Key talking points about the lesson topic
Start the session by presenting the information found in PowerPointTemperatureLesson1-HowDoesAirWarmUp. This will provide the background to enable the students to interpret the results of their experiments.
Investigate: What will the teacher do to give students an opportunity to develop, try, revise, and implement their own methods to gather data?
Get two identical white golf balls. Paint one flat black, leave the other white.
Place the white golf ball into one jar and the black golf ball in the other jar. Place the two jars with golf balls and in equal shade and give them a few minutes to reach a stable temperature. Note there may be slight differences in temperature and light readings between the two jars even when left in the same conditions for a while. This is because no two sensors will give identical readings, therefore, the difference in temperatures at the start of the experiment must be noted and taken into account during the experiment (See figure below for actual experiment data).
Note: this experiment requires strong sunlight for best results as the goal of the experiment is to produce distinct differences in air temperature between the two jars containing different colored surfaces.
If you are experiencing diffused sunlight due to haze or an early/late time of day, you can place a white piece of paper/cardboard in the jar with the white golf ball and a similar black piece in the jar with the black golf ball as shown in the figure 1. This adds to the amount of reflective / absorptive surface area exposed to the Sun. This helps create a larger temperature difference between the two jars in weaker sunlight conditions. See the figure below.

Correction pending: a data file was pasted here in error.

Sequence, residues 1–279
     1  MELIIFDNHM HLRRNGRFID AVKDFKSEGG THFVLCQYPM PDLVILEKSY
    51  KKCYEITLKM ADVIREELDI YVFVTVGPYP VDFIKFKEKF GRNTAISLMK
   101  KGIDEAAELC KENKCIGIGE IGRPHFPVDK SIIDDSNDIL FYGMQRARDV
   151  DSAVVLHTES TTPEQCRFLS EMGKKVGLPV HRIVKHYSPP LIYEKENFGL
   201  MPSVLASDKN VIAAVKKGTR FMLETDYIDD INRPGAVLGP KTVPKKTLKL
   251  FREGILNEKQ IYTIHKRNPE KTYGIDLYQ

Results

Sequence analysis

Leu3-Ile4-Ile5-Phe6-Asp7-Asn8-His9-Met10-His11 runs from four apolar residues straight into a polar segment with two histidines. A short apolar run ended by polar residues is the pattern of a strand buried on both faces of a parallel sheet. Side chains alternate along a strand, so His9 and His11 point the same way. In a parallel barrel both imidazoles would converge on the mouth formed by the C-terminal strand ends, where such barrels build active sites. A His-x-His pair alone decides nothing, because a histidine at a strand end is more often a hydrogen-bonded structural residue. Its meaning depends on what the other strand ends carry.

Attach the Climate Sensors to the lids of the jars using blue tack or double sided tape:
Have StudentWorksheet-HowDoesAirWarmUp ready to record temperature and light sensor values during the experiments.
Detailed instructions on how to conduct the experiment are found in StudentWorksheet-HowDoesAirWarmUp.
Analyze: How will the teacher help students determine a way to represent, analyze, and interpret the data they collect?
Instructions to help students organize, analyze, and interpret their data
Students will record the temperature and light readings and answer questions in the Student Worksheet.
How will you check for student understanding?
Students will be guided through questions in the Student Worksheet to express their conclusion about the causes of temperature difference.
Example data from an actual experiment:
This experiment was conducted during variable sunlight due to clouds passing overhead. Direct sunlight is preferable, however, the phenomena can still be observed here:
Experiment 1: students should deduce that the white surface is reflecting more light as this is evidenced by the higher LUX values given by the light sensor. Likewise, the black surface is reflecting less light, therefore, absorbing more light as evidenced by the lower LUX values given by the light sensor.
Experiment 2: The jar with the black golf ball should reach a higher air temperature as the black golf ball has absorbed more solar radiation and thus became warmer than the white golf ball.